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USA: First record heat, now early cold

Growing up in the north-central United States, I am rarely surprised by rapid changes in the weather.  During the autumn and spring, the changes can be so dramatic, they can be life-threatening.  The Armistice Day Blizzard of 1940 brought such extreme temperature drops, heavy snow and high winds, that it killed 150 people.  Morning temperatures were in the teens to around 20 degrees.  By mid-afternoon, some places in Minnesota and fallen below zero.  By evening, the temperature had dropped into the teens below zero.  Up to 70cm of snow fell.  At the heart of the storm was an area of low pressure with a central pressure that bottomed out at 971 hPa.

Over the last 24 hours, a very rapid change was felt across the north-central US.  The change was not nearly as intense.  No severe weather occurred.  The weather was not life-threatening.  But against the backdrop of one of the hottest years on record, it was still a pretty amazing event.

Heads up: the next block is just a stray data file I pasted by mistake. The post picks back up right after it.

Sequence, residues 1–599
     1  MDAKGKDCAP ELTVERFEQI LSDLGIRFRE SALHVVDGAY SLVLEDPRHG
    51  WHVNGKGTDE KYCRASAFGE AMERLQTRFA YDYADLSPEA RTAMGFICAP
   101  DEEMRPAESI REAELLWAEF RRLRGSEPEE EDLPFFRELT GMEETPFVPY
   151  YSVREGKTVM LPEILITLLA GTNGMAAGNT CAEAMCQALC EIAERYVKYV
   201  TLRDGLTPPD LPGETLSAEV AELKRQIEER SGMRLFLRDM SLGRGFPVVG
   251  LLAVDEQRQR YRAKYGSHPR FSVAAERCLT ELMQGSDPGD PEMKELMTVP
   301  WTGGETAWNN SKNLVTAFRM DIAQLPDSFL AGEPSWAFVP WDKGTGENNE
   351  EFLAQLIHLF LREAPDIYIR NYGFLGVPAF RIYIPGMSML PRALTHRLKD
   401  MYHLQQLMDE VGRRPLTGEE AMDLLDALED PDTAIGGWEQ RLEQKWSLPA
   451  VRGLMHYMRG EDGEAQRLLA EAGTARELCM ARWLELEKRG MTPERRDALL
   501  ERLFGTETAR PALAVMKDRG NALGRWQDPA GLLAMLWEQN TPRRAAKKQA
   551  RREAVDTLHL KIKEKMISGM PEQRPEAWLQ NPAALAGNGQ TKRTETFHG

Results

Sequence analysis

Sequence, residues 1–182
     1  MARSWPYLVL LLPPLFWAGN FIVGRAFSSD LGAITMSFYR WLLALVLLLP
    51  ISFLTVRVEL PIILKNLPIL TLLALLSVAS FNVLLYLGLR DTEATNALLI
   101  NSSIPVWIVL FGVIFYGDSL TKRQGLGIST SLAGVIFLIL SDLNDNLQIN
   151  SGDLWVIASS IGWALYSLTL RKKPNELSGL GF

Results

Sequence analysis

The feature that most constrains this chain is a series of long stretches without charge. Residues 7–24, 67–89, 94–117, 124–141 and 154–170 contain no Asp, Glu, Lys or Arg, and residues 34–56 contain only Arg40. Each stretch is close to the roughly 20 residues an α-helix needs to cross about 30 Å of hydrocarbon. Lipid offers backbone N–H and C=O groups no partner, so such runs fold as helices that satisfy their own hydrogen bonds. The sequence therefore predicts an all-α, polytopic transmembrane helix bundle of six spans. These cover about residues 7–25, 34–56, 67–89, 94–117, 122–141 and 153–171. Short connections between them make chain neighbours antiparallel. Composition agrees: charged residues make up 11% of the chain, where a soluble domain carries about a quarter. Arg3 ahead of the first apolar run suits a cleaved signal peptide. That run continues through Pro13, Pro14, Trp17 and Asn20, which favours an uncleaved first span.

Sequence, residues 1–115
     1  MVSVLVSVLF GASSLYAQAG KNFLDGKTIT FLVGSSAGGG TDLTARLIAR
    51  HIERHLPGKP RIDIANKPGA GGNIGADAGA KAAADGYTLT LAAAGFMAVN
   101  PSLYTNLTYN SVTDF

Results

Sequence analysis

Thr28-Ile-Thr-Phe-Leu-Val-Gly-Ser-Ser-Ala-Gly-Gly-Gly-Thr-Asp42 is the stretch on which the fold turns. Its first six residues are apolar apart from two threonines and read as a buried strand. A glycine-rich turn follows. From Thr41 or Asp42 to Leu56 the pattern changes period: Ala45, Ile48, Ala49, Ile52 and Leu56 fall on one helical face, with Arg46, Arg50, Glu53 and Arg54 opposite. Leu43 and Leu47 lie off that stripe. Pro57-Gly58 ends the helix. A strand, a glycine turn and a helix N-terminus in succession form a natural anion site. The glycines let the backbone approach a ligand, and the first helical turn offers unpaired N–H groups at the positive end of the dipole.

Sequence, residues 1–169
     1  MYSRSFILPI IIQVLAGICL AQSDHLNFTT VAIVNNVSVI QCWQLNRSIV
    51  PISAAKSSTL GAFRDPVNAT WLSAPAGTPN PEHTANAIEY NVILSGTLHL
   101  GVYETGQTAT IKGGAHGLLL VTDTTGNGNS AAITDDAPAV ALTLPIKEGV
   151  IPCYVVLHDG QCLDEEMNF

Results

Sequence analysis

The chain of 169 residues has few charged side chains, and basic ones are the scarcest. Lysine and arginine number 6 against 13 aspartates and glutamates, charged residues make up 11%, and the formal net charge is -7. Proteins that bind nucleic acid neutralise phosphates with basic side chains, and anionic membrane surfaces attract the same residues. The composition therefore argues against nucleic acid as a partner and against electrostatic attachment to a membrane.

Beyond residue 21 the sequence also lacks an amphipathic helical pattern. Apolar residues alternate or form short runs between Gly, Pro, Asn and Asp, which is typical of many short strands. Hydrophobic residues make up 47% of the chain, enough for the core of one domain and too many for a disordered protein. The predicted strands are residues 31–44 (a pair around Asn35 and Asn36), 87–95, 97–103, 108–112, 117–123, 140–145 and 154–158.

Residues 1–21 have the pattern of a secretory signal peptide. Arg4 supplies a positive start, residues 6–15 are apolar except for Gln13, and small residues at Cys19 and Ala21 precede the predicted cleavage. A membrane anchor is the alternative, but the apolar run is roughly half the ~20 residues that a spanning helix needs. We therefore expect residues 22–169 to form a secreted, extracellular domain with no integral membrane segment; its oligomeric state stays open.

It snowed in parts of Minnesota and Wisconsin.  About a month earlier than normal.

A strong disturbance combined with a blast of cold air from neighbouring Canada and wrung out enough moisture from the atmosphere to create the early season snow.

In the far north-eastern part of Minnesota, Duluth recorded 2.5 mm of snow, their first measurable snowfall of the season.  That’s not much, but usually the first measurable snowfall doesn’t happen until late October.  Last year, it didn’t happen until 15 November.

And it’s not just snow that’s early.  The growing season is likely to end Saturday night/Sunday morning (this evening NZST) across North Dakota, Minnesota, Wisconsin and Iowa where warnings are in effect due to the likelihood of a hard freeze.  Many of these areas usually don’t see a hard freeze until the first or second week of October.

Does this mean 2012 won’t break the all-time record for the hottest year ever in the US?


This is just a handful of states experiencing a quick blast of cold.  It will take a much bigger and more intense outbreak of cold weather to keep that record safe.

By Analysts Howard Joseph

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